Beck v Canadian Imperial Bank of Commerce ET/2328832

An employment tribunal held that a 42 year old head of marketing was unfairly dismissed and subject to age discrimination when the employer Bank was actively seeking to find a replacement for him with a “younger, entrepreneurial profile”. Mr Beck was also entitled to a protective award of 90 days’ pay because the Bank had not engaged in any collective consultation and had provided meaningless information to him. Pay in this case however, did not include any estimate of Mr Beck’s anticipated discretionary bonus.

Although the Bank had been warned by its HR department that the use of the word “younger” was inappropriate, the wording was included in the brief sent to a recruitment consultant. The Bank’s evidence that there was still a redundancy situation even though the plan was to replace Mr Beck with another person who had the same key skills, was not credible.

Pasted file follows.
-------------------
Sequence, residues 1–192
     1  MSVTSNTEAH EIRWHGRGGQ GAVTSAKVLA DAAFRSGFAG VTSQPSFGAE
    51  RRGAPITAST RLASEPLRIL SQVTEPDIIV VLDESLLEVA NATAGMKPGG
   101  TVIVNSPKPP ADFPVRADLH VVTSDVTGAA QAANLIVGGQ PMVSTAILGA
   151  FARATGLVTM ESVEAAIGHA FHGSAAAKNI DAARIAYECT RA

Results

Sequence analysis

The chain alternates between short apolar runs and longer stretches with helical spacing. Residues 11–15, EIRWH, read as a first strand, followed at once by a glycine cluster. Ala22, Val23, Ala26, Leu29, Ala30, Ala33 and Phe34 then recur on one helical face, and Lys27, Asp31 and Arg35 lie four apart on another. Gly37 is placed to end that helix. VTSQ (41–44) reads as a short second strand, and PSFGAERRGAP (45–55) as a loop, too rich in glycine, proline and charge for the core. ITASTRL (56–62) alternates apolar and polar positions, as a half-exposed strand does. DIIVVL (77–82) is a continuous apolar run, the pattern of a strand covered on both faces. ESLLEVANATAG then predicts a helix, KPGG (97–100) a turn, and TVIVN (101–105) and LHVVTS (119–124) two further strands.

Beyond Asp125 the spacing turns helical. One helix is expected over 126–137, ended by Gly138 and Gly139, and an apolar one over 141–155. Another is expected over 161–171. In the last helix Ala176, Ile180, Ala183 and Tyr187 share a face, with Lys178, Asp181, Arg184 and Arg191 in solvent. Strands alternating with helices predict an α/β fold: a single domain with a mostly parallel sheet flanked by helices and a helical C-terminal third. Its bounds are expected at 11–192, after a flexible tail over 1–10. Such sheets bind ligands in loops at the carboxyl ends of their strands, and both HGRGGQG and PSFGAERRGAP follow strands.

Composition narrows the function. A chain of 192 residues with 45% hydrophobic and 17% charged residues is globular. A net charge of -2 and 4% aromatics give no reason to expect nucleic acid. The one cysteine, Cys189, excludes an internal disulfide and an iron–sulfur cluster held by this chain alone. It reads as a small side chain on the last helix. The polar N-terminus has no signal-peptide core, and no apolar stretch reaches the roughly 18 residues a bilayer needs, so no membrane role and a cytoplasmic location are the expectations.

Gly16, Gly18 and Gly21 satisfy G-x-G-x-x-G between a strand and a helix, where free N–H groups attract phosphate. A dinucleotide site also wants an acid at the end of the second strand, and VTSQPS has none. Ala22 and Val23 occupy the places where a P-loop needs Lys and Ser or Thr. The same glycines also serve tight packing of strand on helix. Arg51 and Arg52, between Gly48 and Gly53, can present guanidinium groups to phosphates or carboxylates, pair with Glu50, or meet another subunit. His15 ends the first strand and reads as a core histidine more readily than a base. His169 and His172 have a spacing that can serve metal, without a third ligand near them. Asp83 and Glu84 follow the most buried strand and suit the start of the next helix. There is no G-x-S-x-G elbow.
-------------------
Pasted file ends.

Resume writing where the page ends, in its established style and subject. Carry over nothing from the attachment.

Mr Beck nevertheless failed in his claims of race discrimination even though the Tribunal accepted that Canadians and ex pats were favoured for redeployment in a genuine redundancy situation. It was held that such employees would not have been given more favourable treatment if they too had fallen out with the Bank.

As damages for age discrimination are uncapped these will be determined in a future hearing.  

Key point: The case serves as a reminder to all employers to avoid potentially discriminatory wording in recruitment exercises and to treat similar non redundancy dismissals as dismissals for “some other substantial reason”.